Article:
One of our favorite things is baking with sprouted flour. Gluten intolerance is an issue for many, and sprouted flour changes the structure of the grains, allowing them to be more easily tolerated. It is not a painless process, so many resort to purchasing sprouted flour. However, the flour produced after freeze drying sprouted grain is extremely high quality and easy to work with. Try it!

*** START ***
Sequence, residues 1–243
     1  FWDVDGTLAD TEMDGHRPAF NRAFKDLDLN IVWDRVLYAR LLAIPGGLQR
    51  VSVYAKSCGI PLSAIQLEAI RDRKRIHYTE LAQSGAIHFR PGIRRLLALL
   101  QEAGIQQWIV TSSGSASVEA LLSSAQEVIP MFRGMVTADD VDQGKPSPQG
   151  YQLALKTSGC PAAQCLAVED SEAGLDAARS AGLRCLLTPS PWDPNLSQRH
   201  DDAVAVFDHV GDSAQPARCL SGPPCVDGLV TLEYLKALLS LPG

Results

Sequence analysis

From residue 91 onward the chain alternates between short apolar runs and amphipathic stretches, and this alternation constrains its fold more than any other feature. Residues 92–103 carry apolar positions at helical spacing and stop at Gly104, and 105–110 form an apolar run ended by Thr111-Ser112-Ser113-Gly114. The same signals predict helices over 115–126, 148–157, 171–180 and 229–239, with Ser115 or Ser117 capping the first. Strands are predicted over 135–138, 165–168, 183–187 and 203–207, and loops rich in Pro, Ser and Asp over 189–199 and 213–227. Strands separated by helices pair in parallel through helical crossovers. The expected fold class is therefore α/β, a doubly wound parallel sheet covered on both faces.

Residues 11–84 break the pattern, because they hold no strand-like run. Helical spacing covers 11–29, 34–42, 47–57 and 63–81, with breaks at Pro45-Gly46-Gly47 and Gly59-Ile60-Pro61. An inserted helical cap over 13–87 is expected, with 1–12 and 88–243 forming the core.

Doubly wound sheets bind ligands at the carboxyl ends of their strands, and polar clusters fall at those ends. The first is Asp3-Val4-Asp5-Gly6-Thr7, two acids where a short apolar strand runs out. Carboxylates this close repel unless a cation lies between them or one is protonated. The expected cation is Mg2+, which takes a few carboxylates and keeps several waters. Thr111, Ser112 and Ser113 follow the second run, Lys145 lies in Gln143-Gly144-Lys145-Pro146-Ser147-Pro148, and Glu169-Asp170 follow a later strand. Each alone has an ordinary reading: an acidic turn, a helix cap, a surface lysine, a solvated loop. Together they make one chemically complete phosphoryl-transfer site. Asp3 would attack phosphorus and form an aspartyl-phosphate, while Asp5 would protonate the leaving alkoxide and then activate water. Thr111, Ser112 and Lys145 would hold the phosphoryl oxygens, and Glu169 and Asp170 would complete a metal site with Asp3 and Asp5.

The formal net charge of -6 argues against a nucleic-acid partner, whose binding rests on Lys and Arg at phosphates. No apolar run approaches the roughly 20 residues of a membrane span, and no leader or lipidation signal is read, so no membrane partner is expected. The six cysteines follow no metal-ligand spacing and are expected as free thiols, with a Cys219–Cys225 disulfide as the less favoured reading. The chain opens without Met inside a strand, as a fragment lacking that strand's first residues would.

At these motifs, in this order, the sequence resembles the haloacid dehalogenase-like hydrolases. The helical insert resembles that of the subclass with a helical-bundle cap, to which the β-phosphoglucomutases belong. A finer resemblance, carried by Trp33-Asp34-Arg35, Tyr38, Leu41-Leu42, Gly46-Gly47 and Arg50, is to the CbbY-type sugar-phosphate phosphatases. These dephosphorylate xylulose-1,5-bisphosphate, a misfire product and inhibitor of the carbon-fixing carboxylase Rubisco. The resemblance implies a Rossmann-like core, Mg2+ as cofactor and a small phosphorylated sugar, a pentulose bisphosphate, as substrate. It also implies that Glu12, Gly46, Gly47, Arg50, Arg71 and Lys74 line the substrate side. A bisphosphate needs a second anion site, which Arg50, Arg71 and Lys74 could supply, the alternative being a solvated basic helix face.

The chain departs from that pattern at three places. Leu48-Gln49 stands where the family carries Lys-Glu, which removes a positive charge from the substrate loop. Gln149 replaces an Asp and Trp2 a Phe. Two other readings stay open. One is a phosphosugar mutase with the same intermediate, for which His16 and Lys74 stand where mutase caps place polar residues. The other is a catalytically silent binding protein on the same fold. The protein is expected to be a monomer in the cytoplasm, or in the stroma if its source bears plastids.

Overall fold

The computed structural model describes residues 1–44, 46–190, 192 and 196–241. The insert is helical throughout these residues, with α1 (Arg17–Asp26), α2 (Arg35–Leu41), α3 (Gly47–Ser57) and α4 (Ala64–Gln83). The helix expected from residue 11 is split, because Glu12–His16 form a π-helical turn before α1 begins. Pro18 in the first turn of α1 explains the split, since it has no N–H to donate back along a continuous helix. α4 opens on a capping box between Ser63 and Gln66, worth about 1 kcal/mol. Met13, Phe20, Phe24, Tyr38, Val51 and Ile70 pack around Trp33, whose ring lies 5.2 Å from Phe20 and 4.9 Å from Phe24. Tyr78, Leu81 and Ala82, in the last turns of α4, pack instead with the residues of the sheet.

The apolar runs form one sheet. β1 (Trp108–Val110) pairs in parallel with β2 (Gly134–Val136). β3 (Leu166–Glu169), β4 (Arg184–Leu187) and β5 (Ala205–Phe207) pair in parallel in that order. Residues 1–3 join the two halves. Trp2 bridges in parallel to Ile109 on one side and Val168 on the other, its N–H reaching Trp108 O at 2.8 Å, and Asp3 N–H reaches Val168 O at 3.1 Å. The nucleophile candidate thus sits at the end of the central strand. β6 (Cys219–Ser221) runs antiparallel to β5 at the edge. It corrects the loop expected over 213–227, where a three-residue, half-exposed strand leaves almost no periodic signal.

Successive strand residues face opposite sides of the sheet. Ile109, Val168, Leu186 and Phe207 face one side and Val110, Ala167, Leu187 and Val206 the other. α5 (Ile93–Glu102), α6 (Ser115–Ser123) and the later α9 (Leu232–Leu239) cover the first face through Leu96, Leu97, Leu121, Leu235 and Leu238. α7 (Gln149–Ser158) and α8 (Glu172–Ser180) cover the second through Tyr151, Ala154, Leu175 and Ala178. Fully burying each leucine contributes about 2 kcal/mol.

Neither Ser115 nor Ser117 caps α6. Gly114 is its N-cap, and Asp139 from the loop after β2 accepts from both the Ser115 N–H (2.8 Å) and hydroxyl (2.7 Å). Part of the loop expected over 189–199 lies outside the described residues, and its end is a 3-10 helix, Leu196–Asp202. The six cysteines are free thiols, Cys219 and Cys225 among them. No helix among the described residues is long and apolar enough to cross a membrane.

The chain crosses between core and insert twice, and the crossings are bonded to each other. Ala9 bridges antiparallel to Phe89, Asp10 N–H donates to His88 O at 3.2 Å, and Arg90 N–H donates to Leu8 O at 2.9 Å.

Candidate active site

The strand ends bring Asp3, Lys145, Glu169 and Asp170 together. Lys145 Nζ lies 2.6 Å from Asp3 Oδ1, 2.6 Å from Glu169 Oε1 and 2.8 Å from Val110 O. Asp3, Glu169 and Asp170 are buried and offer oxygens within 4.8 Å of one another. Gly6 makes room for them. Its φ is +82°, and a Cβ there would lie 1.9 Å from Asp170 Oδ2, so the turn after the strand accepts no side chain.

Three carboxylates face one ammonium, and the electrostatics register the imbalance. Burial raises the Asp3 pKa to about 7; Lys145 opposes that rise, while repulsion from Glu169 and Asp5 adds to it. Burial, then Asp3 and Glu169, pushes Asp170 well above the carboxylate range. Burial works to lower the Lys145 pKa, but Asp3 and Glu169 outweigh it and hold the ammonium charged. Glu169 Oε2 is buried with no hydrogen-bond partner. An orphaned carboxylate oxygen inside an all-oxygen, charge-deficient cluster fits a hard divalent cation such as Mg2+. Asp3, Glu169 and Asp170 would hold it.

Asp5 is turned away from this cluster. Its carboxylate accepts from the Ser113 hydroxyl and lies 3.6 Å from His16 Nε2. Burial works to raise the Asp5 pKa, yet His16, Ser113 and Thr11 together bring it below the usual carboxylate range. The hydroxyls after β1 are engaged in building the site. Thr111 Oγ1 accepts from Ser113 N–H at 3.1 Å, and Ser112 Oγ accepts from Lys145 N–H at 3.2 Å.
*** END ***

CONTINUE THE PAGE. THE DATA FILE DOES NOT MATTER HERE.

To sprout your grain (I use wheat), first soak the grain in water to cover for about 24 hours. I use a jar with a piece of white cotton rubber banded over the mouth. After soaking, invert the jar in your sink and allow the water to drain. Tip the jar on its side and leave it. Twice a day, add water to the jar, swish a bit to wet all the grains, and then drain, leaving it on its side for ventilation. You can leave the jar sitting upright, but any leftover water will gather at the bottom. Tipping on its side allows that water to disperse over a larger area. It just helps the process. After a few days, you will see little tails appear on the grains. Continue to rinse and drain twice a day, and when all of the grains have tails, allow them to drain well, and dry out a bit.